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Infected Mushroom Will Have Audiences Tripping on Sound With Its Fungusamongus Tour

Infected Mushroom has been a huge name in dance music since before EDM was a term, let alone en vogue.

After more than a decade on the scene, they've had to trade in their giant analog studios for laptops on the road, but they've also signed to hip L.A. label, Dim Mak, and are crossing the country on their most ambitiously produced tour to date, the Fungusamongus tour.

They've managed to maintain relevancy in one of music's most fickle genres, and in America, the country hardest to please. That begs the question of how.

"I think two facts," original member Duv­dev said in answering this question. "One fact is that we keep on changing, not sticking to one sound, being the same and repeat all over again. And the second is liking the dance floor. We see what works and adapt ourselves to the new generation."

The Israeli-bred duo, comprised of Duvdev and his partner Eisen, is hailed for their hard-edged, hyphy brand of trance, referred to as "psytrance." They had their first hit with their debut album The Gathering in 1999, and followed it up with the even more successful Classical Mushroom.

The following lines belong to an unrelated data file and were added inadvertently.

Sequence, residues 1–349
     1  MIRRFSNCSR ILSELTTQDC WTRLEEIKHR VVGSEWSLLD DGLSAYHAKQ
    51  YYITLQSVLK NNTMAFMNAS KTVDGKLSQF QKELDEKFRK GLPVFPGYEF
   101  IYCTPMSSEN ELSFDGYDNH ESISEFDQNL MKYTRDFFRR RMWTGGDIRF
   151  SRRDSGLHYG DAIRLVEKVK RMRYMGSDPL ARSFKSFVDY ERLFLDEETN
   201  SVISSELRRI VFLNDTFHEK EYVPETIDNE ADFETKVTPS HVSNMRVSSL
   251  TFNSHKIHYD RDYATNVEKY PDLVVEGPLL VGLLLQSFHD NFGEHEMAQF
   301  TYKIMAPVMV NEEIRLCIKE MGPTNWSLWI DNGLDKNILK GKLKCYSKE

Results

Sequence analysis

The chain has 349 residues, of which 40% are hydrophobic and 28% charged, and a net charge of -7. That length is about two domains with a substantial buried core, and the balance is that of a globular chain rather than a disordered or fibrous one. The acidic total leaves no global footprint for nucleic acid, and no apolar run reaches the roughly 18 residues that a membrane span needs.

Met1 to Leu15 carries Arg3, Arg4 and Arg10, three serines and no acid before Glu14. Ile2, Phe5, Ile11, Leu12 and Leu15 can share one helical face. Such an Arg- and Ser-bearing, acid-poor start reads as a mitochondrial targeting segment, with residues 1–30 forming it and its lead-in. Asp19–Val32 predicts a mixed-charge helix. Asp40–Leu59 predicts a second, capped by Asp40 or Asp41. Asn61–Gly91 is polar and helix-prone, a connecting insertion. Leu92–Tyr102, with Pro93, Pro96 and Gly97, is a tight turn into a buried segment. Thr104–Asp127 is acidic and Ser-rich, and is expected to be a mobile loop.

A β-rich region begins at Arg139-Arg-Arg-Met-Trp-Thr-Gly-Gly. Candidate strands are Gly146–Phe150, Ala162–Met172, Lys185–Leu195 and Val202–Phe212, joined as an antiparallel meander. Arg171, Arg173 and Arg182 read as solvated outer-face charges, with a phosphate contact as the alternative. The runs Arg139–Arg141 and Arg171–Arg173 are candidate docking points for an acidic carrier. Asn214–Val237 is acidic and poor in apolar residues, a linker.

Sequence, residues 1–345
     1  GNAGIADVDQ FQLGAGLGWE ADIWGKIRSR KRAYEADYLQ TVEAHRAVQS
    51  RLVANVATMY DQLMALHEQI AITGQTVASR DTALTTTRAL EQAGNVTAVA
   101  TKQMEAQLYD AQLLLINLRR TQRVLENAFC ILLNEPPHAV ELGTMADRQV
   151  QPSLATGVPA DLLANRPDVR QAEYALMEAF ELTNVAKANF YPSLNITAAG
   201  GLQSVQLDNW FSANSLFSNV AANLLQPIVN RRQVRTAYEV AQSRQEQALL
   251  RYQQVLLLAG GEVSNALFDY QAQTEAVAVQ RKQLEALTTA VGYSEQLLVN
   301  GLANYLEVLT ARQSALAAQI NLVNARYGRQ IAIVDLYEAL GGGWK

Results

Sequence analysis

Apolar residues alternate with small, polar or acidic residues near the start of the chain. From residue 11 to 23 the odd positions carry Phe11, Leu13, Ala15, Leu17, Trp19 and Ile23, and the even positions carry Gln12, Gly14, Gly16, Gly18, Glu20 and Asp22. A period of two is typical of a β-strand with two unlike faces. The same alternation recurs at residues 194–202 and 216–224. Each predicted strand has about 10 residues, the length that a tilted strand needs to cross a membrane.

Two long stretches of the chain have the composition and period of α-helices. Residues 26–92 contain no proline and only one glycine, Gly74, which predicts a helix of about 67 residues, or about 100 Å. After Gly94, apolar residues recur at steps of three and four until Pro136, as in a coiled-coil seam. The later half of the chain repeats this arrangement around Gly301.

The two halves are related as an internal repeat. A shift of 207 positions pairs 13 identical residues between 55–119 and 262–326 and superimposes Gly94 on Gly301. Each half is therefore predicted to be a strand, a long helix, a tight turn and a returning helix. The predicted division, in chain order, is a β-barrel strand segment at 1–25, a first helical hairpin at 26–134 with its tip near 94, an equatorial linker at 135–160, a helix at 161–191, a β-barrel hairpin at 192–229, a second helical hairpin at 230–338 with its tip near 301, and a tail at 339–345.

Yet, as much as they've been considered the poster boys of their genre, they've been known to experiment and incorporate everything from elements of trip-hop to house, rock 'n' roll, metal, drum and bass, acoustic guitars, choirs – almost anything really.

"For me, I like to throw genres out of the window. Infected Mushroom has done so many," Duvdev said. He thinks that if they've gained one thing by being around this long, "it is the ability to do whatever we like. Each time we start a track, we just take it to where we want to take it that week."

For instance their latest record, Army of Mushrooms, released on Steve Aoki's Dim Mak Records last spring. It is the duo's eighth studio album, and it's one gnarly, funky electronic adventure. It's full of odd textures and edgy, hard-hitting synths. But it has highs and lows, peaks and valleys, drops and breakdowns, and a Foo Fighters cover.

"First of all, I really love the track," Duv­dev admitted of the alternative rock group's "The Pretender," which got a high dose of psychedelic and otherworldly atmospheric treatment from Infected Mushroom.

"At that time, we were working on a drum and bass track which was 174 bpm. Then I heard the track on the radio going to the studio, and I said, 'Hey, this could be really cool for mixing what we're working on.'"

In the end, the guys melded the Foo Fighter's hit into their original d'n'b-inspired production. That's the kind of cross-genre, playful experimentation that keeps an artist fresh in an ever-changing environment. It's the kind of thing that works for Infected Mushroom.

"It's really hard to bring this to the EDM world," he mused. "I'm happy people like it."

Of course, creative freedom isn't granted easily. It's earned through years of hard work, evolution, continued success, and sometimes just plain determination.